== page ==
These complaints and efforts to shield the anti-Semetic and terrorism-supporting regime’s lifeboat were sponsored by CNN advertisers Angry Birds and Liberty Mutual. 

Here’s the relevant transcript from CNN’s Wolf on October 13:

CNN’s Wolf
October 13, 2017
1:19 p.m. Eastern

WOLF BLITZER: You studied all of the history and the negotiations leading up to this deal back in 2015. What's your analysis of what we heard from the President?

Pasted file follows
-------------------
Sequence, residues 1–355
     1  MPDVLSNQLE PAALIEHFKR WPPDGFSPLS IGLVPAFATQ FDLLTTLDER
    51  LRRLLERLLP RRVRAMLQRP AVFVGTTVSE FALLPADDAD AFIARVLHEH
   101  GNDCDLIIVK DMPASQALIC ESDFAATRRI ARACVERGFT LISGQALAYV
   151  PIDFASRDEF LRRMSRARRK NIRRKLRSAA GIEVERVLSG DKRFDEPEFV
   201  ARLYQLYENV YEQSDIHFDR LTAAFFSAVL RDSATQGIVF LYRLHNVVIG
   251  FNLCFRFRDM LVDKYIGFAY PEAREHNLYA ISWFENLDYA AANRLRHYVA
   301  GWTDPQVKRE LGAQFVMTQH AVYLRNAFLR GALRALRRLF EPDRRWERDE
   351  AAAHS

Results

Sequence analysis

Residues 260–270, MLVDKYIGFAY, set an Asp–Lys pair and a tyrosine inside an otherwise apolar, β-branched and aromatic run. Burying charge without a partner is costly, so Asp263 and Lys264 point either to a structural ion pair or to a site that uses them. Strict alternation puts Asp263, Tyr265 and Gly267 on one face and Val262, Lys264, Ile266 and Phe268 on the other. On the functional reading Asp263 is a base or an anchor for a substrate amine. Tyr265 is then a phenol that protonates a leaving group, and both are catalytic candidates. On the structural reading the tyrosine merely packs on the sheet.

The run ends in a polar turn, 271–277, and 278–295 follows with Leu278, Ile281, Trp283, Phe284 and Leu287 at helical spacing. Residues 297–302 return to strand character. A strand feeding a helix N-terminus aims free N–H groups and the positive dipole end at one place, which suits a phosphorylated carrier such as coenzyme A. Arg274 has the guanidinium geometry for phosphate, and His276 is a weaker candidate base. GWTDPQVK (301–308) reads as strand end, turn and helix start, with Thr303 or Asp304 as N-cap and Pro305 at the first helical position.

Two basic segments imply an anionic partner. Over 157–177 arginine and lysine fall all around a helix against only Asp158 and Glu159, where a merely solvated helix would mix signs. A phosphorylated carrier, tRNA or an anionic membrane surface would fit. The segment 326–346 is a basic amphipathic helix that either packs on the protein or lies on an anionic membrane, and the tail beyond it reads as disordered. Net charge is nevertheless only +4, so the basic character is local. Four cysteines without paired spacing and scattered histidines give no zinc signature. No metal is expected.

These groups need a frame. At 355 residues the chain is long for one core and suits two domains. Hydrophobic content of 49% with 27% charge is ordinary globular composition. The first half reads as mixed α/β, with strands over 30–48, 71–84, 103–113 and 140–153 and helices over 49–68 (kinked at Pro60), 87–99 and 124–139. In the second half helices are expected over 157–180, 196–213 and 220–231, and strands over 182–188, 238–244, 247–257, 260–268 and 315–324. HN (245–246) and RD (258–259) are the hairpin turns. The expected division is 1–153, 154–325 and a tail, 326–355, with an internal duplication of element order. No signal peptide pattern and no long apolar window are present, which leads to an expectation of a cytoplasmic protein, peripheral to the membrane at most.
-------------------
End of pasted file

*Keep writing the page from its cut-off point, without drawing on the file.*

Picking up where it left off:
CHRISTIANE AMANPOUR: Well, clearly, it was a very broad brush stroke painting Iran as the Satan that President Trump believes that it is and went all the way back to 1979. I mean, it was a long way to go back and omitted some very important things because the reality of this is that this deal was struck by Iran with the United States, Europeans, Russia and China. And all of them, including the only agency qualified to do so which is the IAEA, the U.N.’s nuclear agency, has testified over and again that it is verifying this deal, that Iran is in compliance with and if the deal breaks up, there is no more verification, there’s no more transparency into the Iranian program. So I think that's very important. The President and the United States frankly always had sanctions against the IRGC. It’s always had sanctions on Iran for terrorist allegations. So, those already exist and I think it's very important to remember that even Israeli hawks, such as the former Prime Minister and Defense Minister Ehud Barak have told me and did so yesterday expecting this speech today that the deal is done. It is not a perfect deal. We may not like it, they say, but the deal is done and pulling out, even though the President didn't say that today, but raised the spector that it could happen. If the U.S. pulls out, the thing could unravel, that would leave the United States isolated, not Iran. It would allow Iran to go back and do whatever it wants and blame the United States for it and that would be what the rest of the world would think and it would be very difficult for United States. As for the sunset clauses, of course people want to see a forever sunset. No sunset. A forever deal with this, but it wasn't possible and all the proponents of the deal and those who struck it remind us that there is a forever clause on the prohibition against nuclear weapons that, under a certain period of time, it foresaw Iran if the deal continued and all sides maintained this deal signing on to the additional protocol of NPT which allows, any time, anywhere aggressive inspections into everywhere. So, Iran agreed to that and most of the provisions on the nuclear program were way beyond, you know, just the next several years. It's very hard to see how weakening this deal is going to achieve what the President wants, which is all the bad things that Iran is accused of to be solved and how weakening the deal can increase U.S. national security, Israeli national security, global national security at a time when you’re trying to persuade others who are actually are nuclear-armed, have bolstered that stable, North Korea, to come in from the cold and freeze and contain their program. So, that is why opponents of what the President has done are very concerned about how they go forward to keep a more secure world rather than add a new level of insecurity.